Other available small animal vaccines may need more frequent administration (Bordetella, feline leukemia, Lyme, etc) and may be recommended for client animals on an "at risk" basis. Recent studies clearly indicate that not all vaccines perform equally and some vaccine products may not be suitable for such a program.

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  More Information on why this Problem Exists
A lot of this problem was caused by well-intentioned efforts to provide full coverage to pet Owners at a relatively low cost. The first step in this direction was to adopt a "One Size Fits All" approach. Vaccines were distributed in a single dosage to all animals. I.e. the same amount of vaccine was given to small Terriers as was to Great Danes. This was far more than the smaller dogs needed. The second step was to package multiple vaccines in a single injection. As many as seven different vaccines were given in the same shot. Both of these measures reduced costs to Owners.

This approach, though, invited two problems. First was that this massively overdosed the smaller animals, overwhelming their immune systems. While most dogsí systems recovered quickly, others who were prone to immune system problems or those who were infected with diseases during this period suffered severe or even fatal reactions. At SeaJay, we have seen three instances of this in Cairn Terriers; all were severe, one was fatal.

The second problem is that some of these vaccines, themselves, can be dangerous. While most dogs can handle all of the vaccines in current use, others are not tolerated and cause other severe reactions.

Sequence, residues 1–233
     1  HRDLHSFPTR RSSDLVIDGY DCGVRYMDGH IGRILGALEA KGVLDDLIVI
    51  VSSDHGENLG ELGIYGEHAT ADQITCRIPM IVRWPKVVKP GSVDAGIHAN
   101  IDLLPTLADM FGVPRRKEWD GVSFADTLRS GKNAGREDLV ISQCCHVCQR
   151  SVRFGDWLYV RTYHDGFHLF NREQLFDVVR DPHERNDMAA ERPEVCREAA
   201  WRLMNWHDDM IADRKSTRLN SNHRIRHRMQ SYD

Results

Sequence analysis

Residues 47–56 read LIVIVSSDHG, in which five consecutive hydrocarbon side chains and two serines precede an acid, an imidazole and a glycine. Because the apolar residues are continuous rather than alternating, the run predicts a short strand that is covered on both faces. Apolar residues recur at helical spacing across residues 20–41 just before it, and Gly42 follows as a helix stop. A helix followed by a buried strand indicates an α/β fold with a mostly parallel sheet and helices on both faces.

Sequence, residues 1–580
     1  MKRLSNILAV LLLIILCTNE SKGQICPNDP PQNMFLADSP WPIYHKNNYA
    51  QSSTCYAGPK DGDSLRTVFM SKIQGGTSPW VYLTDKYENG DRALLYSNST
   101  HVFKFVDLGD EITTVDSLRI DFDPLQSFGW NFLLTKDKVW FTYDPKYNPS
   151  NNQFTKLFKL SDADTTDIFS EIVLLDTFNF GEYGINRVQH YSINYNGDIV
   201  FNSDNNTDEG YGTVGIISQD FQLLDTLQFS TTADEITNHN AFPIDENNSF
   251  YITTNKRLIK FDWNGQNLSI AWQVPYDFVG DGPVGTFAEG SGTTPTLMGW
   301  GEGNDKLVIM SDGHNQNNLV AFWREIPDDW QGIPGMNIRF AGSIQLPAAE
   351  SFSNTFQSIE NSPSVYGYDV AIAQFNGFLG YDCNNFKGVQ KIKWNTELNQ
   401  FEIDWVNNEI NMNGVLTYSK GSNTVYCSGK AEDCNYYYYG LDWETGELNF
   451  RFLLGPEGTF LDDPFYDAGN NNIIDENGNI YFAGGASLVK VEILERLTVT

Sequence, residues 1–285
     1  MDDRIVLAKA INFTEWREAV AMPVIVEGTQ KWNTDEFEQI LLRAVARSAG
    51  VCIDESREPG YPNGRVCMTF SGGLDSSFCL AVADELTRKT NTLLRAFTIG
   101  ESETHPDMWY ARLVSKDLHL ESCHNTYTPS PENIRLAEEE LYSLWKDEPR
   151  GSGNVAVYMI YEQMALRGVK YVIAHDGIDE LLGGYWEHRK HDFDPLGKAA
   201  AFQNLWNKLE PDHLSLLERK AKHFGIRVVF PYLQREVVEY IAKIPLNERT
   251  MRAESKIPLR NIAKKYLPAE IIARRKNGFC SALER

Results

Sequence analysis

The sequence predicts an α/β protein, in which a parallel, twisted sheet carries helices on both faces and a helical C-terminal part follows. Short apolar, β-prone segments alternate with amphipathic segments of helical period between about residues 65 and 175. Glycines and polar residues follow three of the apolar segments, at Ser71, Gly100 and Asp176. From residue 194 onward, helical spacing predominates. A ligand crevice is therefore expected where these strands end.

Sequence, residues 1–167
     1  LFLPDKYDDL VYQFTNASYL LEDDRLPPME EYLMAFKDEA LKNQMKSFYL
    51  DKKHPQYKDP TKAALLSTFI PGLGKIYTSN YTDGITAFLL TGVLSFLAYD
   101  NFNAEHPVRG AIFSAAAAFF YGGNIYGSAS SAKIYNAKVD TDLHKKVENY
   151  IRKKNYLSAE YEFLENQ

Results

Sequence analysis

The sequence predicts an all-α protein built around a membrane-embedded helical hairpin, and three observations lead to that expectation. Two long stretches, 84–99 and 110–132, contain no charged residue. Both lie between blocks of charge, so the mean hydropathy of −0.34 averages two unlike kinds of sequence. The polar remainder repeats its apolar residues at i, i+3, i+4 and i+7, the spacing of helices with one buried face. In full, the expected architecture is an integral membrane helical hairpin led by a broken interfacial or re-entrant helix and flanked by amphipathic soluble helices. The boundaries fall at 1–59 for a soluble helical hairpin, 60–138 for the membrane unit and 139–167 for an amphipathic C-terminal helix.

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  What You Can Do
First, you should insist that your Veterinarian follow the new CSU protocols; vaccinating every three years instead of annually.

Second, donít allow your dog to be given those vaccines that are known to be potentially dangerous to the Cairn or are not necessary in your area. How can you know what to avoid? First, ask your Vets what vaccinations they want to administer. The names of vaccinations are coded according to the different vaccines contained in them. For example: For many years the standard injection was DHLPPC. This means that the shot contained vaccines for six different diseases, Distemper, Hepatitis, Leptospirosis, Parvovirus, Parainfluenza, and Corona Virus. Of these, the Leptospirosis and Corona vaccines are known to be potentially dangerous to Cairns. Furthermore, neither of these diseases are seen in the Northwest and therefore it isnít generally necessary to vaccinate against them. We no longer permit our dogs to be given DHLPPC. Instead, they are given just DHPP(also know as DH2P).

Furthermore, under ordinary circumstances, you should avoid several other vaccines. These include vaccines for Lyme Disease, Bordetella(Kennel Cough), and Heart Worm disease. These are unnecessary if your Cairn stays at home in the Northwest. Only if your dog goes to areas in which these diseases are endemic should they be vaccinated against them. Consult with your Vets before heading South or East with your dog or before placing them in a commercial Kennel.